Veteran Stories:
George Ethelbert Carter

Army

  • Judge George Carter, 2008. Credit: Michael Chambers.

    Michael Chambers
  • Judge George Carter, 2008. Credit: Michael Chambers.

    Michael Chambers
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"Yeah, the war did affect me because it made a number of things open to me as a black person. There were a lot of opportunities became available there."

Transcript

It was a great education for me, the army, of course, wherever I’d go, I tried to learn something. You can learn something even from a fool. There’s a certain fellowship develops, you know, a friendship there and yeah. And you’re in the wet canteen or you’re in the dry canteen, depending your habits. And then you have the Salvation Army [an international and evangelical Christian church movement known for its charitable work] doing theirs.

But I like the idea of exercise, running. You always have your rifle with you, at all times. And then going over that obstacle course always turned out to be rather amusing because you always waited to see which of your friend fell in the mud, in the water and everybody would be screaming on that and making a great deal. Because it’s one fellow competing against another when they’re crossing this. But I found it very entertaining and did it most of the time. But there was a lot of marching and running at a certain pace along the roads with your rifle at the cat as they call it. But all part of your training and I, this part I enjoyed. And some fellows thought, yeah, he’s crazy, that Carter.

So, then they put me in charge of a section of about ten men. I did my march all day or 10 miles out and 10 miles back. Just when you get to the gate, they decide you’ve got to go across the, what do you call it, the obstacle course. And that’s, you’re pretty tired by then. So that’s when the fellows would slip and go in.

You do develop some very great friendships. I think that’s one of the great things of the service, very close friendships. Because we were all training towards, that we would end up having, getting marching orders and head down towards Halifax [Nova Scotia] to board ship [and then going overseas]. I had a friend who was ahead of me and died on the beaches [during the Normandy invasion, June 6, 1944]. I learned that as soon as he hit the beaches in France, he had died. But we grew up together. That was just one instance that stood out very strong for me.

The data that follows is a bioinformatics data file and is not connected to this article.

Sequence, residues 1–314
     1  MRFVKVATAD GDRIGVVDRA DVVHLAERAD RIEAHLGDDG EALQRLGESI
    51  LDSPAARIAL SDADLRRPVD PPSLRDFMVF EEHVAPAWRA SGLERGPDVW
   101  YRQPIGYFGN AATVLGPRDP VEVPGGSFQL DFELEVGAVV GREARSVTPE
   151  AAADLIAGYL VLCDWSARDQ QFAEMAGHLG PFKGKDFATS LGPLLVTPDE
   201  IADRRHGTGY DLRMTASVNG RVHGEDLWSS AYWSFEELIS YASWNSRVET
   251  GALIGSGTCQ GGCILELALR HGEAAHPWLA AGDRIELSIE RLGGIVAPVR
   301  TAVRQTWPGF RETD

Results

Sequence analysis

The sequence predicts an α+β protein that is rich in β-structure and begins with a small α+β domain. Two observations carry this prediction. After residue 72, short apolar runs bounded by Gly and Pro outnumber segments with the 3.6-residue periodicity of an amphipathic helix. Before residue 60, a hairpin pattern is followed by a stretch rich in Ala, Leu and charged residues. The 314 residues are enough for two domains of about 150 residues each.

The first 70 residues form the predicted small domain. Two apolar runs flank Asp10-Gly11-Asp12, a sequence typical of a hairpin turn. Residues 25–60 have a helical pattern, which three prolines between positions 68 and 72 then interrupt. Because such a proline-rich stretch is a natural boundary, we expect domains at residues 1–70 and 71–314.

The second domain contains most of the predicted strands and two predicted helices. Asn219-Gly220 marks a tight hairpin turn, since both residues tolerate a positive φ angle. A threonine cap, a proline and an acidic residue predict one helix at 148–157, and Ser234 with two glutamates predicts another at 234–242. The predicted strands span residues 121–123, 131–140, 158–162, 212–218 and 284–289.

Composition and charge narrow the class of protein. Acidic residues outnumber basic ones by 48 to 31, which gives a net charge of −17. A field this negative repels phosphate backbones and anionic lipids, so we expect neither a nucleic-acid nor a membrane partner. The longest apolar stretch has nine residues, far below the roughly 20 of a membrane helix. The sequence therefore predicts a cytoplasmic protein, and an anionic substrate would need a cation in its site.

Well, the one thing I remember that stands out, we were going back to Ipperwash [Ontario], having had our leave. And we had been home to visit family and we were now going back to our base at Ipperwash and from there, we knew in due course we would be leaving because there’s another group coming in. And it’s on that train that we heard the news that the Germany army had surrendered to the Russians and then to the … [Allies, on May 8, 1945.] They wanted to surrender to Montgomery [Field Marshal Bernard Montgomery, commander of the Allied ground forces, 1944-1945] rather than the Russians. And Montgomery said: ‘Well, you should have thought of that when you started the trouble with them.’

Yeah, the war did affect me because it made a number of things open to me as a black person. There were a lot of opportunities became available there. Before that, a lot of positions, you couldn’t get into. If you wanted to go here, go there, whatnot, oh wow, there are no openings for that. But the war, you see, the war just threw the whole thing open. The war going on, you’re out there with your buddy but he’s got a rifle, you’ve got a rifle. You’re both learning the same thing. Yeah, you’re defending what, Canada, and all that sort of thing. And then one day, it’s over.

And everybody’s going back to Civvy Street and you walk up Bay Street with your jacket on and you go in somewhere to have a drink together. And the guy said: ‘Well, we don’t ordinarily have colored people in here and so forth.’ So this chap would be with me, maybe of another persuasion and he just ordered three or four. And they all stand up and they said: ‘Oh? He was there training beside me the other day, oh yeah, but yeah, now, you going to get my drink or do we park cars here. We’ll just smash every damn thing here now.’ ‘No, no, no, no, no’, and he went and he got the police and everything. The police said: ‘Well, these fellows, some have uniforms and whatnot, they were in the service, what are you going to do?’

So those are the great things that came out of it of course and the other side, there was great tragedies too.

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